I must be candid. I am grateful that my two sons, who please me immensely, cannot be called products of an “industry.”
That is, my wife and I never faced the pressure that some must feel, for a variety of reasons, to become ensnared in that tangled-web-we-have-woven called gestational surrogacy.
A writer named Michelle Goldberg has written a thoughtful article for the online magazine Slate describing the mess that one surrogacy case has become. A woman chose to become a commercial surrogate to augment her income. She has four kids of her own—including triplets—and had carried one prior surrogate pregnancy. She agreed to carry a pregnancy for a deaf, single postal worker “who lives with his parents.” There was a separate egg donor. They signed a contract. Three embryos were transferred, and all implanted. Gender selection was done at the man’s request. (Ms. Goldberg says the doctor who did the implantation has marketed embryo selection for desired characteristics—hair and eye color, and the like.) Because of complications, there is pressure on the woman to abort (at least?) one. There are disputes about who—or whose insurance—pays for the woman’s care. The intended “father” (forgive me, I feel compelled to use the quotation marks) is running out of money, wants to limit her prenatal care, and worries he can’t afford three babies. Jennifer Lahl, of the Center for Bioethics and Culture, has gotten involved. (Follow this link to a page for her video Breeders: A Subclass of Women?) The story has been reported in the New York Post. (It’s a couple months old. I’m just learning about it now.)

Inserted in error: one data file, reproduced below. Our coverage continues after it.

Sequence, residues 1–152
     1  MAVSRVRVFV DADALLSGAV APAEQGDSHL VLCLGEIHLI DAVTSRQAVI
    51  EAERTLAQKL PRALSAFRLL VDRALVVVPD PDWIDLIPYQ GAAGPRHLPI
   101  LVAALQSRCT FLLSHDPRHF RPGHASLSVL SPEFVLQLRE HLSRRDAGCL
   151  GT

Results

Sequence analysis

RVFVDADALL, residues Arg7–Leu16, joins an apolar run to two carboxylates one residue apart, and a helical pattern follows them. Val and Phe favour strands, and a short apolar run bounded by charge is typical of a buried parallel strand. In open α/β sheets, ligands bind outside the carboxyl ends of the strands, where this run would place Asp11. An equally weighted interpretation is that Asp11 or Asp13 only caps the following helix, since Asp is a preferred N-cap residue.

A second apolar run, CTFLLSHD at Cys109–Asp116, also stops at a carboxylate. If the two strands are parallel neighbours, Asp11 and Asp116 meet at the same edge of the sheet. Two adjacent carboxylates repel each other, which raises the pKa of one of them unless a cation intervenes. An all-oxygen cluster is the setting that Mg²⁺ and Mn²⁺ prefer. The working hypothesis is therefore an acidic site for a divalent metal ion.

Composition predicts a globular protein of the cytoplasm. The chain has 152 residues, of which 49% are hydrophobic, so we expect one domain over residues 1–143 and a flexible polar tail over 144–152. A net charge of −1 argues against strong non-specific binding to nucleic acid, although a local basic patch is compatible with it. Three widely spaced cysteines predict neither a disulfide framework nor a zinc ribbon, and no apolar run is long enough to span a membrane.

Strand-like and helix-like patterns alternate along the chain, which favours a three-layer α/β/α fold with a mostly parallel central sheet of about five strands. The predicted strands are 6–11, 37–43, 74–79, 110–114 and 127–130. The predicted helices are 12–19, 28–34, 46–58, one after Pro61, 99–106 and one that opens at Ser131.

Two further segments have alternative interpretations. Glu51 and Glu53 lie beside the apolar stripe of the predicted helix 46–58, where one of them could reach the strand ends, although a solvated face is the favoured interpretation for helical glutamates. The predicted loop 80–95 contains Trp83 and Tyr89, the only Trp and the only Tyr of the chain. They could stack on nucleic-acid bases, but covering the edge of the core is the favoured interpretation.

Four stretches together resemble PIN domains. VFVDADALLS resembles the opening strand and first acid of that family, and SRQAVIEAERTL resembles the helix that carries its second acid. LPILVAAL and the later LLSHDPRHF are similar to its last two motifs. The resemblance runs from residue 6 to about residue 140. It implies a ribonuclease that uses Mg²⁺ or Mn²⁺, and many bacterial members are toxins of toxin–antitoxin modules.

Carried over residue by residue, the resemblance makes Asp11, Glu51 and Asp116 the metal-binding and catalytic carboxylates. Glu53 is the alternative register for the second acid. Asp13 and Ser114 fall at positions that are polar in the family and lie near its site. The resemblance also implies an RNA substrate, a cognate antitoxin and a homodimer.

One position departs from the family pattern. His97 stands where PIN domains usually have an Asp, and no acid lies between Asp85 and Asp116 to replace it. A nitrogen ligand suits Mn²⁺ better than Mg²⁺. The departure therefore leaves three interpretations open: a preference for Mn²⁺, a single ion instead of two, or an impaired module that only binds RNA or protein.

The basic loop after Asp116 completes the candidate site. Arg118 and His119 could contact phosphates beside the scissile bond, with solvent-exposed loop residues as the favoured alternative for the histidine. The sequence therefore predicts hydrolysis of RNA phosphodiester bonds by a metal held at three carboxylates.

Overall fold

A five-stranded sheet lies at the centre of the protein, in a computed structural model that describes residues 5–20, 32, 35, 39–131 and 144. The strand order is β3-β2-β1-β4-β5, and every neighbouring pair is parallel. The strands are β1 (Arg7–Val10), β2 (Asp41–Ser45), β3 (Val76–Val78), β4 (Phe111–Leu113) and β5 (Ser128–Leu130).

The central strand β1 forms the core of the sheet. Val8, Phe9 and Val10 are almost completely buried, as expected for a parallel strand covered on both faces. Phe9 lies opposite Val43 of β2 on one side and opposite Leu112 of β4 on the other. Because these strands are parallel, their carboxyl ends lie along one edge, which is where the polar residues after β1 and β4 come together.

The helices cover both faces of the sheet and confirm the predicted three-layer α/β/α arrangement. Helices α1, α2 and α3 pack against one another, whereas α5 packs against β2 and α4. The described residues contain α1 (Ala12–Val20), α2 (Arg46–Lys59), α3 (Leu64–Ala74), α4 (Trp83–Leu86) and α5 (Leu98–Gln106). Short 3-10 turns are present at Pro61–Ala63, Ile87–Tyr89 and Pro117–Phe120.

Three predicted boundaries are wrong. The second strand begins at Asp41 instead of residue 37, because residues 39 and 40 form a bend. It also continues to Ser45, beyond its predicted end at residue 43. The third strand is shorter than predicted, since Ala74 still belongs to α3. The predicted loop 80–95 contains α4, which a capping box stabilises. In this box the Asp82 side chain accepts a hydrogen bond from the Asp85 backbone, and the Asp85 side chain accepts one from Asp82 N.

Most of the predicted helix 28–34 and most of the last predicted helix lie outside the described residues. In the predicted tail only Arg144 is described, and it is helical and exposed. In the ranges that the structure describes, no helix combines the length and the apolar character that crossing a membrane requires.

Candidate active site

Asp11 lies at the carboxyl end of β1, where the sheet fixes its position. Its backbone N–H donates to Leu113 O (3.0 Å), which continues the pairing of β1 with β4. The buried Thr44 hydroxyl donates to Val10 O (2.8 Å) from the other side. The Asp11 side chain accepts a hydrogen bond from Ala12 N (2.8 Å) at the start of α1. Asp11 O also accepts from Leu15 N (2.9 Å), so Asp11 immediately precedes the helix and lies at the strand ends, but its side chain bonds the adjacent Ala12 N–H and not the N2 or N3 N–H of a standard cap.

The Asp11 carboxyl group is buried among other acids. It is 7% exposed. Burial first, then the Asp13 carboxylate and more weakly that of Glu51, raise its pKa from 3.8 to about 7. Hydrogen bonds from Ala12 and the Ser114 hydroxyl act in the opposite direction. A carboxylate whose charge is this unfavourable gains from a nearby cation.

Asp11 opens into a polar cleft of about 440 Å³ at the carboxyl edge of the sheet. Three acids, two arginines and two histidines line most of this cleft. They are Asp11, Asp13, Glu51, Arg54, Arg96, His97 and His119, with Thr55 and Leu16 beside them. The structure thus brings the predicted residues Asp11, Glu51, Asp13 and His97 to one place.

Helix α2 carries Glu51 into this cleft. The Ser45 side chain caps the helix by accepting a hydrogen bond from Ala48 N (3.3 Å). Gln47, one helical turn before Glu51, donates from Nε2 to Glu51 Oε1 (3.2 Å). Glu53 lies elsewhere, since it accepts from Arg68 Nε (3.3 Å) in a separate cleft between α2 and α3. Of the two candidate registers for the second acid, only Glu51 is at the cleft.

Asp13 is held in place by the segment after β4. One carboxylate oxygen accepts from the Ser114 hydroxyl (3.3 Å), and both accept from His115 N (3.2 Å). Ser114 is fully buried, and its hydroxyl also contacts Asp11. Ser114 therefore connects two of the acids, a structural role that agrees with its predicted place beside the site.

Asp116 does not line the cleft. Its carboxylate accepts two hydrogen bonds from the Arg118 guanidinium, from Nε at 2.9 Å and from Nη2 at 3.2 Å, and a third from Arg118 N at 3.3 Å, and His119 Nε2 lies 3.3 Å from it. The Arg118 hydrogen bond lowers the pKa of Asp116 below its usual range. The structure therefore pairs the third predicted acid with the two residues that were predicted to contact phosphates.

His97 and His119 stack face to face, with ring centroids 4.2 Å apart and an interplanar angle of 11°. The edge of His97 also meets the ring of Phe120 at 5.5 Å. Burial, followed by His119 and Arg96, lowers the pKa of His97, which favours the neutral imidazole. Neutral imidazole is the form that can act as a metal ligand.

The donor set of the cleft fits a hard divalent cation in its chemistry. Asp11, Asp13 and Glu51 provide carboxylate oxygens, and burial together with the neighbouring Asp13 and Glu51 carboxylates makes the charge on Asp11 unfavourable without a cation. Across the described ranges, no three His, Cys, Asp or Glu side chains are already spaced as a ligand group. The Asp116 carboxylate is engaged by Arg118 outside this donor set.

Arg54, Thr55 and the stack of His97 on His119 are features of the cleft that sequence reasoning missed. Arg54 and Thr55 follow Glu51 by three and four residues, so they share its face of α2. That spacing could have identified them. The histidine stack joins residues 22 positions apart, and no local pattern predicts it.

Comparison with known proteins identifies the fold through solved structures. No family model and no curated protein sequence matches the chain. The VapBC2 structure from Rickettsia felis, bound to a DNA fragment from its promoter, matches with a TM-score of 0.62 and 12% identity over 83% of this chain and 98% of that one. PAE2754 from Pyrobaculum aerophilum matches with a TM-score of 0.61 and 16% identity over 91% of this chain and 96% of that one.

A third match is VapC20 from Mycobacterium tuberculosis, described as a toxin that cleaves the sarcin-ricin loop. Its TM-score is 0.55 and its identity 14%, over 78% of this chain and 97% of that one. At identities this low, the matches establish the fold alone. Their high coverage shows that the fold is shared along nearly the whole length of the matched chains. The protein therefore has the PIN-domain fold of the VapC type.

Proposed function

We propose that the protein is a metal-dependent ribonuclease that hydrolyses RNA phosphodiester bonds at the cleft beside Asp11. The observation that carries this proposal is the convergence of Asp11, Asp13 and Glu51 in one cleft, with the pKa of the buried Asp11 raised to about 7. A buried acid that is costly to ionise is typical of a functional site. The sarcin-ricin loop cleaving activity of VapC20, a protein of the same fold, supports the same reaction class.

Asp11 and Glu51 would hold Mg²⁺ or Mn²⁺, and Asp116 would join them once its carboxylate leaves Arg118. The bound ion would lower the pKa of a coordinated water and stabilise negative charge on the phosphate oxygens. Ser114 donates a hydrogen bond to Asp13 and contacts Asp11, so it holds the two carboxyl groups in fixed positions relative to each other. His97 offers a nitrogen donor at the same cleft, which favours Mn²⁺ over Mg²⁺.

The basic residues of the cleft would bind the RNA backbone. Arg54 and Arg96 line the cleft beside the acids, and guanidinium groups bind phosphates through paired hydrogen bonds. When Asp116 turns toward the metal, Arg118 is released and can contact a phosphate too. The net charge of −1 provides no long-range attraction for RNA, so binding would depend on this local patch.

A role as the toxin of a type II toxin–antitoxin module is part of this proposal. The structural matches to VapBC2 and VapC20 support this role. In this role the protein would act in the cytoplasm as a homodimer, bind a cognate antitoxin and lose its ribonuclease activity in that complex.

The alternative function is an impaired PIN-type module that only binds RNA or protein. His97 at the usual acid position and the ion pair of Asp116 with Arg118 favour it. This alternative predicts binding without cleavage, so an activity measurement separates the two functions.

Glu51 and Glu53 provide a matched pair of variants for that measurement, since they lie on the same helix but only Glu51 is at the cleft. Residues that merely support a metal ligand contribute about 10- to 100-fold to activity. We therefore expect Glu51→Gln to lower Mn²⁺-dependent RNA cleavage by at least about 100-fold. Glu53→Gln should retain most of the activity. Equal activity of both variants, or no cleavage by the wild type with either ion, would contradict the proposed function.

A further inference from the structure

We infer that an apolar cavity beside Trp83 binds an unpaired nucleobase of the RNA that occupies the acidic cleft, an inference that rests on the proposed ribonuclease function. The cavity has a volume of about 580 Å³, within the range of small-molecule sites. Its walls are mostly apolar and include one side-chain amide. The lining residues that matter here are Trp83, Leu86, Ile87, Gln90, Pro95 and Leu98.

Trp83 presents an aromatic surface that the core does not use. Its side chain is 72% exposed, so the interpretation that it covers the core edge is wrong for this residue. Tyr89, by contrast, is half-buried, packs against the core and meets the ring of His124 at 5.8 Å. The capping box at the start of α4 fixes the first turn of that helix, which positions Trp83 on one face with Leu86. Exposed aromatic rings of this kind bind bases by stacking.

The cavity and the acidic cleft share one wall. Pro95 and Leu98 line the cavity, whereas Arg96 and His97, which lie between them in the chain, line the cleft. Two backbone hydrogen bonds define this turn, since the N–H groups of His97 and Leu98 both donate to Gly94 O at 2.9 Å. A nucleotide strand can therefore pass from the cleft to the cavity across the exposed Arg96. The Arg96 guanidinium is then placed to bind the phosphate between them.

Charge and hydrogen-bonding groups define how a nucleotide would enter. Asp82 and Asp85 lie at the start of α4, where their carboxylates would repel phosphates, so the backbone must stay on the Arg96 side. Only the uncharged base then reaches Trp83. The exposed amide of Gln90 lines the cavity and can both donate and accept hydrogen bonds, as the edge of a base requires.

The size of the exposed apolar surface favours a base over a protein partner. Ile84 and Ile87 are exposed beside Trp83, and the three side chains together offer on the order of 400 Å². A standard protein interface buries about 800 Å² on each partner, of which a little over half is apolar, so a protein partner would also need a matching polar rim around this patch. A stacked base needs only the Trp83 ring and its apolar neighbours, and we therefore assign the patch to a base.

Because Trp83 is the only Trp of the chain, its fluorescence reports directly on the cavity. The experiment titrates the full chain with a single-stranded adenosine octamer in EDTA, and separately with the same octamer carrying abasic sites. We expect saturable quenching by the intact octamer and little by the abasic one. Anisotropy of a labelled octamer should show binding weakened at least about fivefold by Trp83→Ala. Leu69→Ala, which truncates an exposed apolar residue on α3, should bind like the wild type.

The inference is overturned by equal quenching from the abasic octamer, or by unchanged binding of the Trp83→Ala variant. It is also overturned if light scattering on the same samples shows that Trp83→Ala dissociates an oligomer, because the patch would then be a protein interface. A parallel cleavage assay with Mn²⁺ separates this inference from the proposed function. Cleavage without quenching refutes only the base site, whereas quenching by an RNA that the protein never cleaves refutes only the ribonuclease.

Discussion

This is all going on in California, where the law requires that both parties to these arrangements have their own attorneys, and that, in the presence of a contract, the gestational surrogate surrenders all parental rights. (Courts cannot consider the best interests of the children in deciding legal challenges to this, Ms. Goldberg writes.) There is no screening of intended parents. Adoption it ain’t. The law is described as friendly to the fertility “industry.” There is baby selling. There is corruption. Surrogates get shafted, financially, when the counterparties to the contract (that phrase sounds so much more apt) can’t afford to pay them.
And this is only one example. “There are 8 million stories in the naked city,” as the line went.
In her article, Ms. Goldberg argues for greater care in establishing surrogacy arrangements, and greater regulation over the whole practice. Read the whole thing.
Again, I found this article thoughtful. And I am sure that most people who enter into gestational surrogacy arrangements do so with good motives. Why would you do it otherwise? And I understand that some of these stories end at least apparently happily.
And yet, I cannot resist saying “Hello! McFly!” When we rend family and kinship and the begetting of children so radically, dare we be surprised when things go awry? Dare we pretend we weren’t asking for it? Dare we be so proud as to believe we can create a happy new human framework in common law, in a thicket of regulations, out of whole cloth?
I am in IMHO territory here. Yes, I know about Abram and Sarai and Hagar. I don’t read Genesis, or any other part of the Bible, as condoning such a thing. Yes, I know that the Christian Medical and Dental Associations countenances gestational surrogacy in limited circumstances. But I believe I must respectfully dissent. Yes, I know that childlessness is an affliction, that the desire for children is so strong (I really know that), and that people have a right to their own choices. But there are limits.
I do not seek to condemn anyone. But IMHO, gestational surrogacy is wrong. Period.